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Relola launches to boost data available to researchers by empowering the public to self report.

San Francisco, March 2, 2020 - In reaction to the Coronavirus emergency, data sharing and mapping provider Relola announced today that it is making its QuantaStat platform available for free...
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Crime reporting and real estate

Crime reporting and real estate


Crime Scene Reporting


There are a lot of considerations that homebuyers and the agents they work with have to take into account when buying a home. A home is a huge investment, making it one of the most researched and debated choices we make. Buyers often consider variables from great schools to walkability, public transit and proximity to night life.

One aspect that’s a top concern of many, but which can’t be easily quantified? Crime.

Perception vs. Reality

As housing booms and waves of new arrivals price many out of those enclaves deemed 'safest', many middle income and younger homebuyers find themselves buying into “transitional” neighborhoods long plagued by perceptions of danger and crime.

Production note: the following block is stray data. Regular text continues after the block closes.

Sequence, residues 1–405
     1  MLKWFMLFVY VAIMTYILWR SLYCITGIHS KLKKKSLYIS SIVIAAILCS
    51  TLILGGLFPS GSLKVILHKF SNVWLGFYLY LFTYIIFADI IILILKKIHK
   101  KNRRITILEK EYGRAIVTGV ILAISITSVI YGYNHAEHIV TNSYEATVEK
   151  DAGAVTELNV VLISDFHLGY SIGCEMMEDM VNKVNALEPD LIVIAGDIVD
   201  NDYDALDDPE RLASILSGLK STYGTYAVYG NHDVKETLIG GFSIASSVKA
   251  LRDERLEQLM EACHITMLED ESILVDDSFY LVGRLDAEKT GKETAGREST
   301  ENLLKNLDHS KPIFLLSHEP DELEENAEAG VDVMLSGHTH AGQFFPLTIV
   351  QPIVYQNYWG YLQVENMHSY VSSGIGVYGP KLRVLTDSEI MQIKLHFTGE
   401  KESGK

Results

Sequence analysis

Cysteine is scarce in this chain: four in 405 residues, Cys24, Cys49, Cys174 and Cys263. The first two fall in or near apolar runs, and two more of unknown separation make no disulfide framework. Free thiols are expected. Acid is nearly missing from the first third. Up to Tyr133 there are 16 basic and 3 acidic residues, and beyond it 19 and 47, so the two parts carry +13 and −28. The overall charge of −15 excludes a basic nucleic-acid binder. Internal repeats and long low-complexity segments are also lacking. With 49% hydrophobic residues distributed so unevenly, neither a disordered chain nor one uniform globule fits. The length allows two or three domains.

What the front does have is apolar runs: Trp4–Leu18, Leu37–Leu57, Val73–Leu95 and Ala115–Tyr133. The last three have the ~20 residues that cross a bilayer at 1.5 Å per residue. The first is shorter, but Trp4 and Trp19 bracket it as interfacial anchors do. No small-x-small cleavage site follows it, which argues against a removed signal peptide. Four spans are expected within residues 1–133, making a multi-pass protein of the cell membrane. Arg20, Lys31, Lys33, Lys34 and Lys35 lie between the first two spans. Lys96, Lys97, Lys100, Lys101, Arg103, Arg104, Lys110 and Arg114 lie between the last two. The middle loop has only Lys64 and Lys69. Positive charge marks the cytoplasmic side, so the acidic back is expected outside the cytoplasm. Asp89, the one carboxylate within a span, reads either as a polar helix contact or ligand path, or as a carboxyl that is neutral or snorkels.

But what does that really mean?

For something so emotionally charged as feeling safe, there’s strong evidence that we don’t assess crime data very well. For instance – from 1993 to 2014 the crime rate nationwide dropped by nearly half but we, as a nation, don’t feel all that safer.

There are ways to cope with areas with high property crime – like making sure to never leave valuables visible in your vehicle. We can adapt to many inconveniences in the pursuit for the right house at the right price making the each individual’s crime tolerance highly subjective.

Transparency in crime reporting

Let’s say that crime is your buyer's number one concern, and wants to base the housing search around the safest neighborhoods of your community. How do you go about doing that?

It puts you in a tough situation. On the one hand, you are there to serve your client. On the other, Fair Housing regulations are very specific about what you can and cannot disclose.

Websites such as or are a start – but they’re only as useful as the data going into them. Some precincts don’t report their data in a timely or complete fashion.

In recent years federal guidelines have had to be amended to create uniform rules for crime reporting. There are, after all, “lies, damn lies and statistics,” and for any number of reasons a crime may not be reported, recorded or even investigated. The same goes for crime “heat maps” found on some sites. Lumping an entire neighborhood together by a color-coded system belies the reality that crime can often be concentrated on a particular block or home. 

Best Practices in Research

So what’s the best alternative for finding out about your buyer's prospective neighborhood’s crime risk? This can be tricky for agents, who are bound by ethics codes and federal guidelines to deliver facts, not opinions. 

One option is to connect your buyer with the local police department and ask for a community affairs officer who could give an opinion from the perspective of law enforcement.

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